Plastic is a modern environmental epidemic. It's everywhere, and it's permanent.
Plastic is a relatively recent invention. Developed in in the early 20th century and popularized in the 1960s, plastic is now incorporated in nearly every industry in the world: clothing, home goods, food products, cars, consumer goods.. the list goes on.
- The total amount of plastic produced in the world: 8.3 billion metric tonnes
- The total amount of plastic waste generated: 6.3 billion metric tonnes
Plastic isn't going anywhere; it's cheap and easy to make things from plastic. But also, it isn't going anywhere - plastic takes over 500 years to degrade. Of the plastic that is no longer in use,
- 9% has been recycled
- 12% has been incinerated
- The rest (assumed 79%) has accumulated in landfills or the natural environment
At the current rate of production and disposal, plastic will outweigh fish in the ocean by 2050.
Plastics are so new to the world, there's no natural way for it to break down. Whereas organic, biological matter (e.g. plants) will be broken down by microbes, and the components be reincorporated into new organisms, plastic will not. Microbes don't know how to break plastic down, so it can't be integrated into an ecosystem - it's just a pollutant.
Plastic does "break down" with exposure to UV light, which exacerbates the pollution problem. Plastic water bottles, bags, straws, fishing nets, etc. break down into microplastics: minute particles of plastic that float on or below the surface of water.
Marine animals from the bottom to the top of the food chain ingest these microplastics because they resemble food. Seagulls, fish, and even whales have been found dead with stomachs full of plastic. Turtles especially have problems with plastic bags that haven't disintegrated, confusing them for jellyfish (food) or becoming entangled in them. It is estimated that plastic pollution kills 100,000 marine mammals annually, as well as millions of birds and fish.
Not only does plastic clog the digestive system of these animals, they also release toxic compounds (Bisphenol-A aka BPA) which bioaccumulate in their tissue. In instances that the fish survive ingesting plastic, the toxic compounds become more problematic because humans tend to eat a lot of fish. We're essentially poisoning ourselves with our own pollution.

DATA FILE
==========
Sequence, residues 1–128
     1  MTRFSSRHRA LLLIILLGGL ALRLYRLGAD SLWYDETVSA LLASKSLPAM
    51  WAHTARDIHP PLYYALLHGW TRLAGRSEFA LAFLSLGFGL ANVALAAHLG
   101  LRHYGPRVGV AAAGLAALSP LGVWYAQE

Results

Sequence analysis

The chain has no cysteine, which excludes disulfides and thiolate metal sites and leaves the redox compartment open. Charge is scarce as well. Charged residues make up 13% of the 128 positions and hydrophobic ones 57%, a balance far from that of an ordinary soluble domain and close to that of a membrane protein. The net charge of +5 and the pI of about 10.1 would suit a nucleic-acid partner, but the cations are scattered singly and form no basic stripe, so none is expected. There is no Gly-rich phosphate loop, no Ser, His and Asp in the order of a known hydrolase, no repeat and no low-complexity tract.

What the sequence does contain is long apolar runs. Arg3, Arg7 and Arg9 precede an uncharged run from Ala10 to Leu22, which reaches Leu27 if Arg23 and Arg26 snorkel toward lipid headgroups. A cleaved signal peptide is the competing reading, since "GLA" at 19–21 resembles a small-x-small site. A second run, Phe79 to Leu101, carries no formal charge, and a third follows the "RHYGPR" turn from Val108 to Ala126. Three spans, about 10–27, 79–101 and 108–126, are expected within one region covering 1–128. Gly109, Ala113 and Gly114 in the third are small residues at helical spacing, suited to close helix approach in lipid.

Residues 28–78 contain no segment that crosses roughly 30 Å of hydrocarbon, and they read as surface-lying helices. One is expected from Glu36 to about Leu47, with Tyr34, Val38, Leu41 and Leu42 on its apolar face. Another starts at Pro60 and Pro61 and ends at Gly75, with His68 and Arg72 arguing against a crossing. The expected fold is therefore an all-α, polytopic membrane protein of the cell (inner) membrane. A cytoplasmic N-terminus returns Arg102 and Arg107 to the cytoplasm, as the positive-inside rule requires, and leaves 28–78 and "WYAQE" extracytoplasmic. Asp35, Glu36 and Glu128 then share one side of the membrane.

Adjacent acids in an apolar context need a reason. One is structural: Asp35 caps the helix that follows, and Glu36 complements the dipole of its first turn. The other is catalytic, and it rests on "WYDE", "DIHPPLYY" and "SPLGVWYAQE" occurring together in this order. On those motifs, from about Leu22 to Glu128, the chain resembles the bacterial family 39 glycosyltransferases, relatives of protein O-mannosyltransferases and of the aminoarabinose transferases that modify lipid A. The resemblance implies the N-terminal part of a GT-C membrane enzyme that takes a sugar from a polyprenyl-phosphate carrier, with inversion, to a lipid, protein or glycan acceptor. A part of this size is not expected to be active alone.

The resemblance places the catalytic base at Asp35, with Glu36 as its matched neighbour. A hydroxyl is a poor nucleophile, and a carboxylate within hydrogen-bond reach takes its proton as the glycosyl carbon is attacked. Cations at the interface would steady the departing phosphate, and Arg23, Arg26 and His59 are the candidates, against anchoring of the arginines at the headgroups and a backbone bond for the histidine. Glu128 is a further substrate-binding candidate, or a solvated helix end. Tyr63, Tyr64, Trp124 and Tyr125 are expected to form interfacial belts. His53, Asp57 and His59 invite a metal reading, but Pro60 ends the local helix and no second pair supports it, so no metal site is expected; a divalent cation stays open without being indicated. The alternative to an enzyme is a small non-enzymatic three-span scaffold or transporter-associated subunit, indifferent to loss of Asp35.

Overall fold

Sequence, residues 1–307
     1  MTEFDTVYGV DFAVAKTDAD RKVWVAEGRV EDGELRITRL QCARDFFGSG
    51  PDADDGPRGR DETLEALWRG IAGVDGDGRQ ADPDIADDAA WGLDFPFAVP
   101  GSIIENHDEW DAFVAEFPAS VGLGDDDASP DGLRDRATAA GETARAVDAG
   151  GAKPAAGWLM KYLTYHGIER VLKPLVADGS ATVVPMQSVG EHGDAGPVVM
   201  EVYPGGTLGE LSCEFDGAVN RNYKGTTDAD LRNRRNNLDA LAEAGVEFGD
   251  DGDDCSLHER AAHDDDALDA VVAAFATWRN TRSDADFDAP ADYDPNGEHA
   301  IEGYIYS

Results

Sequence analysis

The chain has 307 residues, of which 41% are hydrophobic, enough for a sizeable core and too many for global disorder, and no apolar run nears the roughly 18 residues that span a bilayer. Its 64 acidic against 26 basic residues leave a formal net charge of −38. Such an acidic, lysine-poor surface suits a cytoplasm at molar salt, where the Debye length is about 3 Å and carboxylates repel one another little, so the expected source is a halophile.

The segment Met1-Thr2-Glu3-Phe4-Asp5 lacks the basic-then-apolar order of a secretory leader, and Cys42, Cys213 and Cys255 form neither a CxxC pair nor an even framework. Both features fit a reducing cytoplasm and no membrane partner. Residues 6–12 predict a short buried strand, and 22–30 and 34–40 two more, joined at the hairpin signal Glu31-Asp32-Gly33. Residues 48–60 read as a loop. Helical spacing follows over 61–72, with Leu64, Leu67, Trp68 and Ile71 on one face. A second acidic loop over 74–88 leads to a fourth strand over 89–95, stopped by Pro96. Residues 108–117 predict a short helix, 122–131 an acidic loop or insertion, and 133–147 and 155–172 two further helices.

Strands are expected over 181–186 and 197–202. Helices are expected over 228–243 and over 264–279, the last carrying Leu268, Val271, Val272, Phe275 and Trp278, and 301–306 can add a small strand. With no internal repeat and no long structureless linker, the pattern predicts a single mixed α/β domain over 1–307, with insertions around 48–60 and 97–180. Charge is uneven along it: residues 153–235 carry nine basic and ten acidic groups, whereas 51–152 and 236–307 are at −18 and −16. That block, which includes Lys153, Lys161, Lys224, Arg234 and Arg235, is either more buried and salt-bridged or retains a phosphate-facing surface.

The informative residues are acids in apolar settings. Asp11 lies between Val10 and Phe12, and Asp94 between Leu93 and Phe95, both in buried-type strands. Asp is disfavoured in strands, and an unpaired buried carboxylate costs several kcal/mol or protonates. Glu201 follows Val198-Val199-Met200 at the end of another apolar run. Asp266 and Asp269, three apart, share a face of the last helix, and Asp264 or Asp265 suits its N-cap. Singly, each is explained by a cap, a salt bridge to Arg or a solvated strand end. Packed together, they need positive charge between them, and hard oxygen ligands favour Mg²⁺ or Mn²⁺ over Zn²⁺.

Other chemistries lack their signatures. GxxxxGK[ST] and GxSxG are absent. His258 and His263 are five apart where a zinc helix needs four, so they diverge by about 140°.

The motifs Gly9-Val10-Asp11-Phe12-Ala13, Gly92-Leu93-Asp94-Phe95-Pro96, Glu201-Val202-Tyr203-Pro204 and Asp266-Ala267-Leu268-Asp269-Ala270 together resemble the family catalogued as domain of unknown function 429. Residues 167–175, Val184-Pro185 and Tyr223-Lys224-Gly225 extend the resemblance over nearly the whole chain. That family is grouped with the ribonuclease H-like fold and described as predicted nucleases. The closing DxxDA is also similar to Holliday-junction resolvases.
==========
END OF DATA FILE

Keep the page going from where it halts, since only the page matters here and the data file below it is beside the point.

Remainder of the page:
Specific Causes of Plastic Pollution
Studies have found that 95% of plastic waste reaching the oceans via rivers travel through only 10 waterways. The Yangtze River in China is the worst perpetrator, joining 7 other Asian rivers and 2 African Rivers (Nile and Niger). The countries that these rivers flow through do not have adequate infrastructure for managing waste - especially plastic.
The most common type of plastic waste is the single-use plastic water bottle.
480 billion water bottles were sold in 2016
- 110 billion were made by Coca Cola.
- Less than 50% were collected for recycling.
- 7% were recycled into new bottles.
A silver lining to the black cloud of plastic pollution is that the sources are so concentrated. Because nearly all of the ocean-bound plastic comes from 10 waterways, mitigation of additional plastic pollution has the potential for high-efficiency: fix those waterways and we've pretty much stemmed the flow.
Other groups are working on solutions to cleaning the oceans of plastic, but extremely limited progress has been made. The oceans are vast, and plastic is essentially everywhere.
What you can do: start paying attention to the amount of plastic you use and what you do with it.
Stop using single-use plastic.